The Friday Report July 6, 2018Quick wrap up of a few hot topic newsworthy stories in the supply chain logistics industry
The Next E-Commerce Platform: The Connected Car
Did you know that today’s car has the computing power of 20 personal computers? Unbelievably enough, it processes up to 25 gigabytes of data in an hour and includes approximately 100 million lines of programming. The drive towards connectivity with the outside world is considered important to the customer experience and epitomizes today’s Connected Car. What is a connected car? The term “connected car” refers to a vehicle that has the capability of optimizing its own operation and maintenance and can also enhance the convenience and comfort of its passengers by utilizing Internet connectivity and onboard sensors.
GM is hedging their bets on the connected car becoming the next big e-commerce platform. It announced in late 2017 that it will place in-dash e-commerce technology in newer vehicles. The IBM-partnered project will enable travelers to order food, locate fuel, reserve accommodations and more without relying on Smartphones while driving.
Blockchain-Verified Digital “Smart Addresses” Aid Last Mile Logistics
According to the World Tourism Organization (WTO), up to 80% of addresses in developing countries and 20% in developed countries remain unverified due to errors. This leads to major challenges for visitors to these addresses as well as to transportation and logistics providers who handle last mile delivery. One company, Naviaddress, a Russian start-up venture claims to be the first company to use blockchain as a method of verifying and storing digital addresses.
Naviaddress has created 1.5 million smart addresses thus far and is currently being used by ExpressRMS, a Russian delivery company as well as Amazon, Booking.com
IoT Increases Supply Chain Transparency and Streamlines Last Mile Delivery
Because of the acceleration in technological advancements involving sensors and the value realized from the data that is collected, companies are expanding their use of IoT. Because data is continually streaming in, companies have access to vital
How will the Internet of Things help transform the supply chain? Because of the wide array of Internet-connected devices that are gaining widespread adoption across supply chain businesses, there is an increased free flow of information. This data can include traceability, information on the contents in shipments, shipment dates, temperature and a volume of other information.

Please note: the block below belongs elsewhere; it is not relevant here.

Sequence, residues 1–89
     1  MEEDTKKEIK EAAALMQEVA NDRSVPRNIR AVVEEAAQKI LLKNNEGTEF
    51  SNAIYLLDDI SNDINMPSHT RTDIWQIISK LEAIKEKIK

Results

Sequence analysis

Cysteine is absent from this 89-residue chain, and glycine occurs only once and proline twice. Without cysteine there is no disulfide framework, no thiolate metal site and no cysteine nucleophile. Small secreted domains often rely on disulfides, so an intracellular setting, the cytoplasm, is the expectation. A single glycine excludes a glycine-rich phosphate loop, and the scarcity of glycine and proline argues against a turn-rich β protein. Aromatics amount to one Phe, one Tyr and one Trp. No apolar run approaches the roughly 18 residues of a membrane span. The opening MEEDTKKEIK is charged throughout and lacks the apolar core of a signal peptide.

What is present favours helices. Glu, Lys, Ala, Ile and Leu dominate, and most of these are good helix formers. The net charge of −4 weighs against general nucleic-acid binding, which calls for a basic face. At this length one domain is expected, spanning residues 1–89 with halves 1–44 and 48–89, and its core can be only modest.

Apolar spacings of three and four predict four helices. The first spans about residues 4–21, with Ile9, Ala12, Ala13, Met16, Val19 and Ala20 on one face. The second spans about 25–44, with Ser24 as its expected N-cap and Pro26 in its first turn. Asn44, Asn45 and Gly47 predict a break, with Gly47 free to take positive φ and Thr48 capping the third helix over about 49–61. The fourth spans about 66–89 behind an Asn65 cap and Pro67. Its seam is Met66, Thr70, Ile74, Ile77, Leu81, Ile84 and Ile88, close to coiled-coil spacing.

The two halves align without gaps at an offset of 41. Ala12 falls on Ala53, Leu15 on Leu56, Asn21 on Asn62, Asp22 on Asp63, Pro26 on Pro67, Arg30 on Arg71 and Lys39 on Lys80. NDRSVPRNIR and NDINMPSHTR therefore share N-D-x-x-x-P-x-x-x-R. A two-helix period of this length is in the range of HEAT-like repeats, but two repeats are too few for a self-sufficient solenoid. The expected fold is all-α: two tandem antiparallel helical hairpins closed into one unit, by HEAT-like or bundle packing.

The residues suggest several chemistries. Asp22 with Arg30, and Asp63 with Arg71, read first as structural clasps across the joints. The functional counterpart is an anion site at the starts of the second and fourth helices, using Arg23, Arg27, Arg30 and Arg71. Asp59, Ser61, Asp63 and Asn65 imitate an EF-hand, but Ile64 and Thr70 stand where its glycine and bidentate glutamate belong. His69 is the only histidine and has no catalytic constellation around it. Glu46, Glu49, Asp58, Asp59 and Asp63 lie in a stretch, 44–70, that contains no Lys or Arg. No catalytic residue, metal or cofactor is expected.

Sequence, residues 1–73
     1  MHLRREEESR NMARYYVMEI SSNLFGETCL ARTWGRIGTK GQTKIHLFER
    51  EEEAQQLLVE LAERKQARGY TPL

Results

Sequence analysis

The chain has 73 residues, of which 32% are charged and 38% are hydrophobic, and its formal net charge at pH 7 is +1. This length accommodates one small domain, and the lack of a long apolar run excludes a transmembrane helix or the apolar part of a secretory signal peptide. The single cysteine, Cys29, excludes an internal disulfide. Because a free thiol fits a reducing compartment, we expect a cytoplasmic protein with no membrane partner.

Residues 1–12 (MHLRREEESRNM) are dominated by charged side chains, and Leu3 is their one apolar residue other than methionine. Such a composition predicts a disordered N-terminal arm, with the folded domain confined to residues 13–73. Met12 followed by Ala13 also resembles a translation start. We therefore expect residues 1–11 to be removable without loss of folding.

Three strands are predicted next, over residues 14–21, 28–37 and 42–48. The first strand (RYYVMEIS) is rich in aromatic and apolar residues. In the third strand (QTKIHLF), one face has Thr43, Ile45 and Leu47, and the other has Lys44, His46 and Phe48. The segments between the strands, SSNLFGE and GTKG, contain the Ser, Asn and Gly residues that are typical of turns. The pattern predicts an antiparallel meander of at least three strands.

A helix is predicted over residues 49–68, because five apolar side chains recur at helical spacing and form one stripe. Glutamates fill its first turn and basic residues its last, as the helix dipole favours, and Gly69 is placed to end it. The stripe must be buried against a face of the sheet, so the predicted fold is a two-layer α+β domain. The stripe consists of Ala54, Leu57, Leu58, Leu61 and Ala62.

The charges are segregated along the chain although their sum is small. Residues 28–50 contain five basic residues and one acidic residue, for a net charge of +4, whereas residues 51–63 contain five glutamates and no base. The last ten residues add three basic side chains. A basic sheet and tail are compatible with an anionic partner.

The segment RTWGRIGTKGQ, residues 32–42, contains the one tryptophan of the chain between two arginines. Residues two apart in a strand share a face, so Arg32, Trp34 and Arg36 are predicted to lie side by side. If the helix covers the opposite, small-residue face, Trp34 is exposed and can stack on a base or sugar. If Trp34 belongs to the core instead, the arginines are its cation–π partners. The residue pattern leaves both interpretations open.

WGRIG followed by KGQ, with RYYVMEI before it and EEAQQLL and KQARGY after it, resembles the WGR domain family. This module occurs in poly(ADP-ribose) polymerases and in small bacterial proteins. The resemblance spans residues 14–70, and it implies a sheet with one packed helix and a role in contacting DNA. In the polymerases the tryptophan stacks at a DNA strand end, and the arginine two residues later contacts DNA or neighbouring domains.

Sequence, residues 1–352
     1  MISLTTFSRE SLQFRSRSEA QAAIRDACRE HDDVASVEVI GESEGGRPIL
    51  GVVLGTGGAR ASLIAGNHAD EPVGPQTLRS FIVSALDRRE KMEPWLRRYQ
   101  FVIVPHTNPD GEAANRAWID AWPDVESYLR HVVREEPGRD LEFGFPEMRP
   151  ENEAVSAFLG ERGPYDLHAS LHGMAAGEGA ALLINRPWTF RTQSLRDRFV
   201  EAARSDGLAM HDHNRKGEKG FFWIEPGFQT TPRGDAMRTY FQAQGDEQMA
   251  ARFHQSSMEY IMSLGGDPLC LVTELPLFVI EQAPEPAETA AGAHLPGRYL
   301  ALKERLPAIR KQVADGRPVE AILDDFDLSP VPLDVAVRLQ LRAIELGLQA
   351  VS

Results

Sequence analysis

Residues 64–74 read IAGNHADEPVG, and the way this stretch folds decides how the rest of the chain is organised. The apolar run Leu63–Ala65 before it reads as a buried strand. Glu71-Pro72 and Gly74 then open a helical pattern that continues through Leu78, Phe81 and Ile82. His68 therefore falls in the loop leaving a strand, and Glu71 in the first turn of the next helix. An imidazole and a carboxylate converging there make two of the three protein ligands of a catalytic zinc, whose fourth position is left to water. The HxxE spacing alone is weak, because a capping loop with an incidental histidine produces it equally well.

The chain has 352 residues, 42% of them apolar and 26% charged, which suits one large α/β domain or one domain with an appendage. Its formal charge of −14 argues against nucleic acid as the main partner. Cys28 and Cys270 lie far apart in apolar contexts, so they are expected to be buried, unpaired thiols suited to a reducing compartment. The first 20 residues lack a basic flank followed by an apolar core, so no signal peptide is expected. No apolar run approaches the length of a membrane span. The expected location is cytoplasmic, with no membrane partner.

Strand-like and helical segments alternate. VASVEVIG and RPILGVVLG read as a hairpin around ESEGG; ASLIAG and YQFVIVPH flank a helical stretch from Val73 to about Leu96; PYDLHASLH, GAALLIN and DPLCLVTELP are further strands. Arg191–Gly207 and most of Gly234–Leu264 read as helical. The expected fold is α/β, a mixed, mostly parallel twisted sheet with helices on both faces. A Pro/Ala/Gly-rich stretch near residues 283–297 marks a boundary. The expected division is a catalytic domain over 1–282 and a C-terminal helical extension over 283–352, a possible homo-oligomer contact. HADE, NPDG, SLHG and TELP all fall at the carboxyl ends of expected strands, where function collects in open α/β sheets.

Using IoT provides a high degree of reliable transparency and can help companies to be more flexible and adaptable in their supply chain operations.
This results in more accurate, timely information that is available for use by supply chain operations in real time.
One of the most time-sensitive operations is that of shipping and last mile logistics. Using IoT sensors, data can be transmitted from goods in transit, providing
Heineken Ensures Brexit Will Not Dry Out U.K. Pubs With uncertainty regarding the impact of Brexit on the U.K. mounting, Dutch brewer Heineken NV is making sure that Great Britain does not run dry in its aftermath. Collaborating with a British logistics company to...
Countries Across Asia Reaping the Benefits of Chinese Tariffs U.S. tariffs imposed on China are having an impact across Asia, creating the most significant shift in cross border supply chains since 2001, the year that China joined the World Trade Organization. ...
The Big Story: the Inaugural Florida Supply Chain Summit is Coming this February As the third largest state and the 19th largest economy in the world, Florida population growth equates to even more consumers and online shoppers. Combined with the geographic position...